Laws lend order and social organisation to a society, along with serving a variety of other functions and purposes. Contrary to what one may believe, the law of the land, however, is not always understandable or completely reasonable. Some laws in the various states of the US, having withstood the test of time, continue to be written into the letter of the law despite their irrelevance in today’s context. Researchers at the Olivet Nazarene University provided a list of such unique and bizarre legislation that continue to govern people in the States.

In the South-eastern state of Alabama, it is illegal to wear a fake moustache in Church; this law is enforced to maintain the decorum in Church services. People’s annoyance at the mispronunciation of Arkansas seems justified as it is strictly prohibited to pronounce “Arkansas” incorrectly. Thus is because its pronunciation is said to reflect the state’s heritage. The state of Hawaii prohibits people from placing coins in their ears, whereas the state of Indiana can legislate against particular kinds of facial hair for people, especially those who have “a tendency to habitually kiss others”. In the state of Nebraska, it is illegal for a mother to give her daughter a perm without a state license and in New Hampshire, as of 1973, it is forbidden to collect seaweed from the beach at night. Sharing one’s Netflix password with others is illegal in Tennessee, as hackers had started to sell passwords in bulk in 2011. For reasons unknown, all these laws are still in place.

A number of unique laws are in relation to animals. For instance, it is prohibited to wake a sleeping bear to take a photo in the largest state of US, Alaska. It was declared illegal for donkeys to sleep in bathtubs in Arizona in 1924. According to the California Fish and Game Code, a frog that dies during a frog-jumping contest cannot be eaten; and a horse cannot be ridden under the influence in Colorado, a man having been charged for the same as recently as 2013. In Florida, if an elephant is left tied to a parking meter, the parking fees has to be paid just as it would for a vehicle; the rationale behind passing this law was to ensure that parking charges were paid for all modes of transportation. Other absurd laws related to animals include the state of Missouri where it is illegal to drive with an uncaged bear, whereas in Nevada it is illegal to ride a camel on the highway. It is illegal to get a fish drunk in Ohio, and wrestle a bear in Oklahoma, as part of a statute against animal cruelty for entertainment.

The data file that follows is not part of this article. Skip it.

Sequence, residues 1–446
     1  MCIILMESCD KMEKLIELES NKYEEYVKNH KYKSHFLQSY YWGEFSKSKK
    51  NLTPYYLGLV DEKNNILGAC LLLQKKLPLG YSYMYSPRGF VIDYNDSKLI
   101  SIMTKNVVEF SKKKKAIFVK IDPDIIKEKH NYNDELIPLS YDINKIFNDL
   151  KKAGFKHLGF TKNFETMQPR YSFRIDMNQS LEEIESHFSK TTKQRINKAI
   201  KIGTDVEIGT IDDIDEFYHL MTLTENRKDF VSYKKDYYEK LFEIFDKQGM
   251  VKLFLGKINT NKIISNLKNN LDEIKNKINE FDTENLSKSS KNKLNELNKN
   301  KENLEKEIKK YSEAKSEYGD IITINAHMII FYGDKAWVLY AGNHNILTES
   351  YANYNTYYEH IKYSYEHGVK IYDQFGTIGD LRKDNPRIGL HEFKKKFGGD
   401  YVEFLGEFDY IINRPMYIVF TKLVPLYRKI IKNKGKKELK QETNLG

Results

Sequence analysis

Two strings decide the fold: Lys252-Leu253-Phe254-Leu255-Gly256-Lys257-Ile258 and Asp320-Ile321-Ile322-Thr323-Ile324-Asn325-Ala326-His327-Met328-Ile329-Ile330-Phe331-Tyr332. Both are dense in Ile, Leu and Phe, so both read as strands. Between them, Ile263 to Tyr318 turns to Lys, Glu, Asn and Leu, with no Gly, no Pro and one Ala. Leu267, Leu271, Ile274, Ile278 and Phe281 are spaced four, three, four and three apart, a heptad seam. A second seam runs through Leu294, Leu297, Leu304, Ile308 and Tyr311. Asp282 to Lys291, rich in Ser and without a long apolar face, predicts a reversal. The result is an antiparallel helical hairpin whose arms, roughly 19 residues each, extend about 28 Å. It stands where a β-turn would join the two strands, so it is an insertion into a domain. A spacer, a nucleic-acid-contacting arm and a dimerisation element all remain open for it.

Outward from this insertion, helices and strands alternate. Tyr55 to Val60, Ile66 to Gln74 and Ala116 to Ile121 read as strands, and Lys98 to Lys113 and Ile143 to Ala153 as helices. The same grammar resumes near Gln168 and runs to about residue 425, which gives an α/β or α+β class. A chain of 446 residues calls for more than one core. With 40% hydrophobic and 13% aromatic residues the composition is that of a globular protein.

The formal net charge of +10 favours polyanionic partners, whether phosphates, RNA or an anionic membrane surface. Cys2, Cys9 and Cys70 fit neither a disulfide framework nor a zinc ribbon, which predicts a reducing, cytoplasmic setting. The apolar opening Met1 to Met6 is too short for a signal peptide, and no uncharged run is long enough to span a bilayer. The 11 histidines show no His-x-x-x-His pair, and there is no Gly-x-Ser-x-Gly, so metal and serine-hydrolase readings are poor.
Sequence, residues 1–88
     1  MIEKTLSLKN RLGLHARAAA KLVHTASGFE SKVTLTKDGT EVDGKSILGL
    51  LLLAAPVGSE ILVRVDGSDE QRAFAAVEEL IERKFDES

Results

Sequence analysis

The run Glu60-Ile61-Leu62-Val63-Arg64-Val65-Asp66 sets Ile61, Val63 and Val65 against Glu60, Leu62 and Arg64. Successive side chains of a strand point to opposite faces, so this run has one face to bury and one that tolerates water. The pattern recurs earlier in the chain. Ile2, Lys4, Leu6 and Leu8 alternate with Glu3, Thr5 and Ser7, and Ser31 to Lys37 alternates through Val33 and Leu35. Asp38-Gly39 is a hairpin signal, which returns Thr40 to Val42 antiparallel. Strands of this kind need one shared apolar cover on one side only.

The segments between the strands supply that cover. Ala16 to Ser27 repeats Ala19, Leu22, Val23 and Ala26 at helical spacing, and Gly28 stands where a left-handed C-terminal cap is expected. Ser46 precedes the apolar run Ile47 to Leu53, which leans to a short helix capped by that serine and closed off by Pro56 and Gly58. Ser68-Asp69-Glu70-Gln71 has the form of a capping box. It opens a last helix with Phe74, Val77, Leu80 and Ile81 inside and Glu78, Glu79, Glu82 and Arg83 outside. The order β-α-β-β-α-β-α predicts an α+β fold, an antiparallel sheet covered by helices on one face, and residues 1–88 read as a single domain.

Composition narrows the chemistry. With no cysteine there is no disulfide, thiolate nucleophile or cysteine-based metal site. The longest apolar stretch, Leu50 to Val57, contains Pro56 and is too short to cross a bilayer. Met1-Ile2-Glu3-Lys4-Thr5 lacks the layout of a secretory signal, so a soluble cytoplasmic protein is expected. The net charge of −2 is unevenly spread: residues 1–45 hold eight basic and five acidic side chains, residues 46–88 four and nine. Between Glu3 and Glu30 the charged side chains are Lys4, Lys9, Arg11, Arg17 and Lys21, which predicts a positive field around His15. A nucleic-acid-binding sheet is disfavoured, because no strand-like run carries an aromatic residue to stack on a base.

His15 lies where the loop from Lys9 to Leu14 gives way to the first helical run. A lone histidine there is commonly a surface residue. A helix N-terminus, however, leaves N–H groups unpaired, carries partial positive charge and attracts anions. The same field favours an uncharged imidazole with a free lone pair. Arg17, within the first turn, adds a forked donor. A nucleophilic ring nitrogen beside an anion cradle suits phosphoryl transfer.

One might find surprising that the state of Connecticut lays down the legal criterion for a pickle to be considered as one- if the pickle does not bounce, it is not recognised as a pickle, making one reasonably suspect the nature and sobriety of the law. The Prairie State of Illinois makes it legal for a minor to drink as long as he or she is enrolled in a culinary program. An abysmally worded statute in Kansas states that “If two trains meet on the same track, neither shall proceed while the other has passed”, leaving its citizens in a state of confusion. Speaking of confusing laws, in Kentucky one may not dye a duckling blue and offer it for sale unless more than six are for sale at once; and one may only sleep in a cheese factory if the cheese provided is sold in closed packages in South Dakota.

Doing some prior research on the local laws and traditions while travelling in the US is often suggested, since many laws declare mundane activities as offences that are punishable under law. For instance, the melting pot of French, African, American and French-Canadian cultures, Louisiana, fines its citizens $500 for sending a pizza order to someone’s house without that person’s knowledge. Not strictly limited to pizza, this legislation is in place to protect people from receiving any goods or services without their knowledge. In Maryland, specifically to Baltimore public parks, it is a violation wear a sleeveless shirt, and a fine of $10 is imposed on the offending person. Similarly, one may be fined up to $100 for using profane language in public places in Mississippi, however, this law lacks regular enforcement. Other serious penalties for such absurd offences include the state of Montana, where guiding a sheep on to a railway platform with intent to injure the train is subject to a fine up to $50,000, and serving at most five years in prison.

These odd prohibitions have been in place over the years and as each state has its own legislative history, there are bound to be some laws that need discarding, having no use in present times. Biting off someone’s limb will result in 1-20 years in prison in Rhode Island; although this law is stated casually, it was intended to protect body disfigurement and mutilation. The harassing of Bigfoot, Sasquatch and similar other undiscovered subspecies is a felony, since 1969, in the state of Washington, punishable by a fine and/ or imprisonment. Women must obtain written permission from their husbands to wear false teeth in Vermont, and in Michigan, it is illegal for women to cut their own hair without their husband’s permission. Mercifully, this law is no longer enforced.

 

Sanjana Hooda

Sanjana Hooda

Sanjana Hooda is a student of law at O.P. Jindal Global University. Her interests include literature, culture, travel writing and gender studies.

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